The newly inaugurated administration of President Joseph R. Biden, Jr. took immediate steps to reengage with a variety of international institutions and agreements from which the Trump administration had withdrawn. On January 20, 2021, the administration deposited with the United Nations a new instrument of acceptance of the Paris Agreement on climate change, and it halted U.S. withdrawal from the World Health Organization (WHO). On January 21, the United States announced that it would participate in the COVID-19 Vaccines Global Access (COVAX) Facility, an international vaccine distribution scheme. The Biden administration also announced that it would reengage with and seek election to the UN Human Rights Council, and it quickly reached agreement with Russia for a five-year extension of the New Strategic Arms Reduction Treaty (New START), the last remaining arms control agreement between the two countries. These early moves are consistent with the foreign policy strategy President Biden previewed during the campaign when he promised to “renew American leadership” and “[e]levate [d]iplomacy.”Footnote 1 In his first speech on foreign policy as president, delivered at the U.S. State Department on February 4, Biden asserted that “America is back” and that “[d]iplomacy is back at the center of our foreign policy.”Footnote 2 To implement these objectives, Biden has appointed a slate of experienced foreign affairs officials, many of whom worked in the Obama administration.Footnote 3
On Inauguration Day, Biden took steps to rejoin the Paris Agreement, fulfilling a campaign promise.Footnote 4 The Trump administration had provided notice of U.S. withdrawal on November 4, 2019, citing “the unfair economic burden imposed on American workers,”Footnote 5 and the withdrawal became effective on November 4, 2020,Footnote 6 during a year that tied for the hottest on record.Footnote 7 Hours after his inauguration, Biden reversed the withdrawal and “accept[ed] the said Agreement and every article and clause thereof on behalf of the United States of America.”Footnote 8 The United States deposited a new instrument of acceptance with the United Nations on January 20, 2021,Footnote 9 and the Agreement entered into force for the United States on February 19, 2021.Footnote 10 Following the Obama administration's approach in joining the Agreement in 2016, the Biden administration did not seek specific congressional authorization to rejoin the Agreement.Footnote 11
The administration also took a number of other steps in its early days relating to climate change. Biden named former Secretary of State John Kerry as a cabinet-level special presidential envoy for climateFootnote 12 and revoked the permit for the Keystone XL Pipeline.Footnote 13 In addition, Biden issued a broad executive order addressing domestic and international aspects of climate change, including announcing plans to convene international summits and making it a “[U.S.] priority to press . . . climate considerations across a wide range of international fora.”Footnote 14 The order declared that “[i]t is the policy of my Administration that climate considerations shall be an essential element of [U.S.] foreign policy and national security.”Footnote 15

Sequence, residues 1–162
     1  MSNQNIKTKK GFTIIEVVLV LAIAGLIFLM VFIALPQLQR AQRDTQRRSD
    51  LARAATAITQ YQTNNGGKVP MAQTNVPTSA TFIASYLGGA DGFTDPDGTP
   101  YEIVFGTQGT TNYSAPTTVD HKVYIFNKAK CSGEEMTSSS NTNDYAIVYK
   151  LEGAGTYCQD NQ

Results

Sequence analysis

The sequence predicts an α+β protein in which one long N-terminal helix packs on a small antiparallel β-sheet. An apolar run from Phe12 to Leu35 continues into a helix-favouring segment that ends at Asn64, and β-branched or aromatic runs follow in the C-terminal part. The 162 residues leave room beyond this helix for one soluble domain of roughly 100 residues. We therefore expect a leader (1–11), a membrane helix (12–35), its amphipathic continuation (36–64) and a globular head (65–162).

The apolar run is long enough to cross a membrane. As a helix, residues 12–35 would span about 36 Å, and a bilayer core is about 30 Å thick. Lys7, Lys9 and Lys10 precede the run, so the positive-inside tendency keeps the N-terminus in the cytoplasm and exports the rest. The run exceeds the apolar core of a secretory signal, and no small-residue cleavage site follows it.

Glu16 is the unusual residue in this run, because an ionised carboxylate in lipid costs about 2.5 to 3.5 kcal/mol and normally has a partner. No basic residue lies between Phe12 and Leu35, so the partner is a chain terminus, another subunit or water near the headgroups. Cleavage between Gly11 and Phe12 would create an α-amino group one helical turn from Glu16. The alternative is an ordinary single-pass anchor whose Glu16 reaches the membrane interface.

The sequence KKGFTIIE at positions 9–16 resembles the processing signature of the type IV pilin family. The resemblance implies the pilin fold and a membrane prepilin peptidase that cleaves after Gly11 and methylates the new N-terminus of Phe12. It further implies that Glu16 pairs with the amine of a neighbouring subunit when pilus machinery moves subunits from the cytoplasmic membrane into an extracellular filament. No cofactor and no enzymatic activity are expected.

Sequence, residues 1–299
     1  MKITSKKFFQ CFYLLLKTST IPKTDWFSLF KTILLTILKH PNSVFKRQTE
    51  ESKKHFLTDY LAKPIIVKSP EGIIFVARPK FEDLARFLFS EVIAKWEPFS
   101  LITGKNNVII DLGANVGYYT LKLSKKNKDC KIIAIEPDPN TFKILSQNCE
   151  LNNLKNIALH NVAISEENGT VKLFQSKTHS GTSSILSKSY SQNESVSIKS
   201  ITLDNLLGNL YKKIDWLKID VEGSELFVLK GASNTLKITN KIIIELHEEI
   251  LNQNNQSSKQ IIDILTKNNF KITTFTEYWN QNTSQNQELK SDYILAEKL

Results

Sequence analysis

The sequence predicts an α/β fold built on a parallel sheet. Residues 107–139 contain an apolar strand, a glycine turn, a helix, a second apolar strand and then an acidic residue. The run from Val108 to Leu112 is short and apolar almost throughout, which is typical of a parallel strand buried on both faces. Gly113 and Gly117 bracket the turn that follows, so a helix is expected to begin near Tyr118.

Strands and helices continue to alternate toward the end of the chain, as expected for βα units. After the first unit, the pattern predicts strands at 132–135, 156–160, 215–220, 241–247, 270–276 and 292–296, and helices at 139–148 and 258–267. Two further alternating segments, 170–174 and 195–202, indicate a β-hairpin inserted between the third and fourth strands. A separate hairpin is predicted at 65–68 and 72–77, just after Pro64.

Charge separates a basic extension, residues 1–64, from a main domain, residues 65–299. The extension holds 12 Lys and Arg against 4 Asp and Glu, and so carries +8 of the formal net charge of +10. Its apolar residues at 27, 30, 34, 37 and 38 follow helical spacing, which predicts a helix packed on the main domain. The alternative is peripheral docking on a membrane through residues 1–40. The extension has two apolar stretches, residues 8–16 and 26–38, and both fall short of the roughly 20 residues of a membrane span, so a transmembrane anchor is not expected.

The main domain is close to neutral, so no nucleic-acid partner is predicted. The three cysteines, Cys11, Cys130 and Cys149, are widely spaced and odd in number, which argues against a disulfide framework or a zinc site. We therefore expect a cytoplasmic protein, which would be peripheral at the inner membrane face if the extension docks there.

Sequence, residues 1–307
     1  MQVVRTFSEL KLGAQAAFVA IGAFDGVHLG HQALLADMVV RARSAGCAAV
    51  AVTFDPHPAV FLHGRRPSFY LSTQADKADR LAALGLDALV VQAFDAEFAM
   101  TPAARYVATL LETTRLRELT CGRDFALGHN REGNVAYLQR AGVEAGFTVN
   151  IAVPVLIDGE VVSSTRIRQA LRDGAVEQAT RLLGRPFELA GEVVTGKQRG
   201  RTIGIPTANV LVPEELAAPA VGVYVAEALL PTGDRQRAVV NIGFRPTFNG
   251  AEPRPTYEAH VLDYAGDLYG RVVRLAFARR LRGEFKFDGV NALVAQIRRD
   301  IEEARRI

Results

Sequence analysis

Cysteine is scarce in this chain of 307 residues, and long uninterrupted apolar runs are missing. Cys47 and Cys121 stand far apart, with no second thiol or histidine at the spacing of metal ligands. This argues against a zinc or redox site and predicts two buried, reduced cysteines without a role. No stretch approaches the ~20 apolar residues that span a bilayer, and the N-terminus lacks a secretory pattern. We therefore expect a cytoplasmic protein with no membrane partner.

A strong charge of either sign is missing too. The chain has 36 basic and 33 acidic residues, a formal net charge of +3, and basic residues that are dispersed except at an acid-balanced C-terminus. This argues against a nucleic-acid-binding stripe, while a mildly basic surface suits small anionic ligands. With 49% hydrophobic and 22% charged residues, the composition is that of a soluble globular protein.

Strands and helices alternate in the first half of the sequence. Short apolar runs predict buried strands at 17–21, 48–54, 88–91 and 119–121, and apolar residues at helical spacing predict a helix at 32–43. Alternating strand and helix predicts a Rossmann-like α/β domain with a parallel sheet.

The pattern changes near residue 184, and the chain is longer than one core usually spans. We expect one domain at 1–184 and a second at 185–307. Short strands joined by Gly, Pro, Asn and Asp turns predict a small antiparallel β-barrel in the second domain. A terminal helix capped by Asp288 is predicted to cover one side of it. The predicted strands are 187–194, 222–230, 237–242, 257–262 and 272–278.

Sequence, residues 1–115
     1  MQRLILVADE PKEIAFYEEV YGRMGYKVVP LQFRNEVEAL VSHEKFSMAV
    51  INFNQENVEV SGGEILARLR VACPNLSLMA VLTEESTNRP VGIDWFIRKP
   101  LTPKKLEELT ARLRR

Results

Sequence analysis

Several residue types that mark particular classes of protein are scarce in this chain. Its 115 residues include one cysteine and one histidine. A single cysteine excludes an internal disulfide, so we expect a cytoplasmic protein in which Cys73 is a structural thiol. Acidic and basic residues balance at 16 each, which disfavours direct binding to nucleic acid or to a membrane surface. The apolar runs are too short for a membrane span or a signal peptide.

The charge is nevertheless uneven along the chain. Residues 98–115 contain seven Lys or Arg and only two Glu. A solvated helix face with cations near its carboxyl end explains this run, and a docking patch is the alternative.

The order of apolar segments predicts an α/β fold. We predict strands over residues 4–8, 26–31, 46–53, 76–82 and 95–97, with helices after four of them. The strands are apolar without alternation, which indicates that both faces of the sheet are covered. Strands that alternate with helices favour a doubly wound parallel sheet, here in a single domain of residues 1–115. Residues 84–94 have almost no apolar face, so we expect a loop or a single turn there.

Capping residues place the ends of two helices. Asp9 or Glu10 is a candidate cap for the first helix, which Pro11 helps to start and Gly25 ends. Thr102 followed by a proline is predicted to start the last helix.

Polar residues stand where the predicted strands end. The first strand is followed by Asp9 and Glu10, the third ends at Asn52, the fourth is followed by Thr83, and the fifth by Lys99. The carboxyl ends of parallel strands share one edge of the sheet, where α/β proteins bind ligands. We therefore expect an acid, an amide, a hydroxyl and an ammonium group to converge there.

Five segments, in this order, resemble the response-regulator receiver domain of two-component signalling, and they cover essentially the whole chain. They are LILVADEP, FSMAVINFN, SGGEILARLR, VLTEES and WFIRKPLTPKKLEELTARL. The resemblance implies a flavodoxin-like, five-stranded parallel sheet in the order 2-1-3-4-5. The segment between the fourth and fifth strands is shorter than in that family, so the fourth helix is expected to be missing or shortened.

International officials praised the U.S. return to the Paris Agreement. UN Secretary-General António Guterres “warmly welcome[d] President Biden's steps to re-enter the Paris Agreement,” noting that the “climate crisis continues to worsen.”Footnote 16 European Union officials similarly “welcome[d] the decision,” finding that the “climate crisis is the defining challenge of our time.”Footnote 17 However, some U.S. politicians criticized the administration's reliance on executive powers and called for Biden to “submit the Paris Agreement to the Senate” as an Article II treaty.Footnote 18
On January 20, Biden also announced that the United States would reengage with the WHO. President Trump suspended U.S. funding to the WHO in April 2020, citing mismanagement of the coronavirus pandemic.Footnote 19 Trump subsequently announced on May 29 that the United States would withdraw from the WHO, and the departure would have become effective on July 6, 2021.Footnote 20 In a letter to the UN secretary-general, Biden rescinded the notice of withdrawal:
This letter constitutes a retraction by the Government of the United States of the letter dated July 6, 2020, notifying you that the Government of the United States intended to withdraw from the World Health Organization (WHO), effective July 6, 2021. The United States intends to remain a member of the World Health Organization.
The WHO plays a crucial role in the world's fight against the deadly COVID-19 pandemic as well as countless other threats to global health and health security. The United States will continue to be a full participant and a global leader in confronting such threats and advancing global health and health security.Footnote 21
On January 21, officials announced that the United States plans to “resume regular engagement” with the WHO and “fulfill its financial obligations to the organization.”Footnote 22 Biden also directed the U.S. government to join the COVAX Facility, which supports equitable global distribution of vaccinations.Footnote 23 The administration has pledged to provide up to four billion dollars of financing for COVAX, with two billion provided immediately and the remaining two billion to be released throughout 2021 and 2022 as donor pledges are fulfilled and vaccines are distributed.Footnote 24
UN Secretary-General Guterres praised the U.S. action, describing support for the WHO as “critical to the world's efforts for a better coordinated response against COVID-19.”Footnote 25 WHO Secretary-General Tedros Adhanom similarly commended the decision, stating that “[t]his is a good day for WHO, and a good day for global health.”Footnote 26 China also “welcome[d] the return of the United States to WHO” and reiterated a “willing[ness] to strengthen cooperation with the United States and other countries.”Footnote 27 Domestic political reactions fell along party lines, with Democratic legislators supporting BidenFootnote 28 and Republican legislators expressing criticism, including asserting that “[t]he WHO shielded China from accountability” regarding the virus.Footnote 29